Access to paid content on this site is currently suspended due to excessive activity being detected from your IP address Please contact the publisher to request reinstatement.
August 1981

Simultaneous Rubeola and Chickenpox in an Adult

Arch Intern Med. 1981;141(9):1241. doi:10.1001/archinte.1981.00340090137040

To the Editor.  —We wish to draw attention to the simultaneous occurrence of rubeola and chickenpox in an adult.

Report of a Case.  —A 27-year-old male medical intern who had not been vaccinated for rubeola and had not had chickenpox as a child experienced a febrile illness and rash. Initially, the rash consisted of pruritic maculopapular lesions on the face and trunk. By the second day, the pruritus had diminished, the temperature was 40 °C, and the patient was fatigued. In addition, he had a headache and experienced some nausea, vomiting, and four loose stools. On the third day, the maculopapules were 1 to 1.5 cm in diameter; located on the face, trunk, palms, and soles; and associated with posterior cervical lymphadenopathy. By the fourth day, many of the maculopapules had clear, small vesicles in their centers. A vesicle was seen on the soft palate, and mild conjunctivitis was evident.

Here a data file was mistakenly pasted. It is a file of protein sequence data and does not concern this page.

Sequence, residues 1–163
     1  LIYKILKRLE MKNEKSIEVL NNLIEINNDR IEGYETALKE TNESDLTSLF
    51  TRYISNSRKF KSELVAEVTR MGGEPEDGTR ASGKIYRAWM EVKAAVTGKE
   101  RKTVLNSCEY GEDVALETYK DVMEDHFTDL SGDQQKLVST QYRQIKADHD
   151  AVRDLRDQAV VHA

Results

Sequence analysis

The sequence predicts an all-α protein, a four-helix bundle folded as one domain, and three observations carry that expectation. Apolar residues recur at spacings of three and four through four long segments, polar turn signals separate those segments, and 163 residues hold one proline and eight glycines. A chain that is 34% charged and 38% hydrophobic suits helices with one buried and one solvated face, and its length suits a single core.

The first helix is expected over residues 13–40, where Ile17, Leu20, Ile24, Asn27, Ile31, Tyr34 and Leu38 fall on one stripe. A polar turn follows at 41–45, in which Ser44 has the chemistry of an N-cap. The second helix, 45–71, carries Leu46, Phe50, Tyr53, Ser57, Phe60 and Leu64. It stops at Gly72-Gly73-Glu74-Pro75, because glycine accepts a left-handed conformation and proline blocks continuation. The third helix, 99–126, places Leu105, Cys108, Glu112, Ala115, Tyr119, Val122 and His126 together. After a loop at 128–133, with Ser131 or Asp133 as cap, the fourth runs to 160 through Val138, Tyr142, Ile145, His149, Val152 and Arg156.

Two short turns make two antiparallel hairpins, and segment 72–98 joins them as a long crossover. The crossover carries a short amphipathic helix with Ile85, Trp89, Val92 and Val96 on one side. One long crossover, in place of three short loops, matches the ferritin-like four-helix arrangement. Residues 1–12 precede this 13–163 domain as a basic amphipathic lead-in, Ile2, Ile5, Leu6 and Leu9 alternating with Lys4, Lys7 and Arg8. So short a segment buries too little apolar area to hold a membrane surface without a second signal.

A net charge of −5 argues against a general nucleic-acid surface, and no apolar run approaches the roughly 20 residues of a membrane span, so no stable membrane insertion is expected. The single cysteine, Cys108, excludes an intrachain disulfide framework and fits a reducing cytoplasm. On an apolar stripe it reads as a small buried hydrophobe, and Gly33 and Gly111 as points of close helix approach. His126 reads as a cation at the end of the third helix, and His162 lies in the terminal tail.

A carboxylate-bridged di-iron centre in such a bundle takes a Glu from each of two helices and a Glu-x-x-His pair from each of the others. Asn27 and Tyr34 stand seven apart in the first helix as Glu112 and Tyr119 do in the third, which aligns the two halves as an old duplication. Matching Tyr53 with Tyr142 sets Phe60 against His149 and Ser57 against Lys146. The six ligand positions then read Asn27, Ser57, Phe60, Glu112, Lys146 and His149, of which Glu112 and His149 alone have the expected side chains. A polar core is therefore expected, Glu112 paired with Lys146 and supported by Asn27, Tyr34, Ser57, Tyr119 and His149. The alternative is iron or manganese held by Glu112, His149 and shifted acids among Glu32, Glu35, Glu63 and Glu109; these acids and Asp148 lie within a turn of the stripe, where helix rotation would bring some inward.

First Page Preview View Large
First page PDF preview
First page PDF preview